Most of the time, Tux is a good-natured, well-behaved cat, content with his indoor- only lifestyle. But whenever he looks out a window and spies a strange cat in his yard, a different side emerges. He races in circles, yowling his displeasure. He mangles window blinds and sometimes attacks his feline sibling, Tango.
Karen Ramsey adopted Tux and Tango as kittens four years ago from a local shelter, and for a while, neither cat seemed overly upset by the sight of unfamiliar felines wandering into the backyard of her row house in Washington, D.C. But last summer, Tux’s reaction to feline trespassers escalated from mild annoyance to full-on frenzy. Around the same time, some of the outdoor cats began spraying on Ramsey’s front porch and using her vegetable garden as a litter box.
Ramsey reached the end of her rope. She didn’t want anything bad to happen to the outdoor cats, and she appreciated their role in combating her neighborhood’s endemic rodent problem, but her overriding thought was “they have to go away.”
It’s a common reaction, says Katie Lisnik, HSUS director of cat protection and policy. But removing cats is seldom a longterm solution as more cats move into the area to take advantage of handouts from caretakers and other food sources.
If community cats are aggravating you or your pets, you should first identify who is caring for the cats and connect them with local trap-neuter-return (TNR) resources, says Lisnik. Sterilization is the most important step for mitigating feline nuisance behaviors and reducing the number of cats over time. And if you need a more immediate fix to your problems, check out these high-and low-tech strategies for communicating the “no trespassing” message to cats.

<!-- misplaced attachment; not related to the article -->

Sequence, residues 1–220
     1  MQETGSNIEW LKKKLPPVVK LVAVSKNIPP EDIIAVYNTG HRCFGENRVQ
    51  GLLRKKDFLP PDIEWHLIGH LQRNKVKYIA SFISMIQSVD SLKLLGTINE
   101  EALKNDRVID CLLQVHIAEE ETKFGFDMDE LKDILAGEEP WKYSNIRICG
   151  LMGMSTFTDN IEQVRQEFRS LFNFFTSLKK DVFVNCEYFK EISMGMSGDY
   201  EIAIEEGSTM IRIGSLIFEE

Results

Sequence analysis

Laurel Cats, a Maryland-based TNR organization, has successfully used motion-activated CatStop devices to keep the peace between feral cats and their human neighbors, says president Helen Woods. CatStops and similar products emit a burst of ultrasonic sound (inaudible to humans) that startles cats who pass into the device’s range. A single device will deter cats from doorways to prevent territorial spraying or aggression between indoor and outdoor cats, but two or three may be needed to keep cats away from flower beds and smaller yards.
Cats can become habituated or learn to maneuver around the device’s trigger, so changing the location or adding other deterrents can improve your chances of success. (If you have dogs, you’ll need to take them into consideration when positioning the devices, as they may also be bothered by the sound.) Focus on points of entry to the off-limits area, whether it’s the yard, garden or hood of a car.
Home base improvements
Are there aspects of your property that are particularly appealing to cats? You can work with the cats’ caretakers to replicate those features in the yards where cats are welcome. This might entail providing a perch in a sunny spot, a place to get out of the rain or to find shade, or a comfortable lawn chair with a cushion.
Plant catnip as well as its showier cousin, catmint, to lure the cats to the welcome zones, and set up an outdoor litter box (with a mound of sand, dirt or soft-particle mulch). Cats also enjoy water fountains and large flower pots where they can lie down.
Mix and match
Many times, a relatively simple intervention will resolve your cat-related frustrations, says Lisnik. Other cases will require a combination of solutions. If all else fails, you may need to look at more expensive options, such as cat-proof fencing. Over the past year, Ramsey has learned that when it comes to deterring cats, you have to be persistent “and try as many different options as will work.” She first installed a CatStop on her front porch, chicken wire around her raised vegetable garden and mats with plastic nubs inside her garden. She talked with the cats’ caretakers and enlisted neighbors to help trap the cats for sterilization. Those steps alleviated many of her problems, but didn’t stop cats from loitering by her backyard gate, so she recently added a motion-activated sprinkler there.
Tux seems much calmer now, she reports. “He’s just happier when we can find ways for the other cats to not come around and get him riled up.”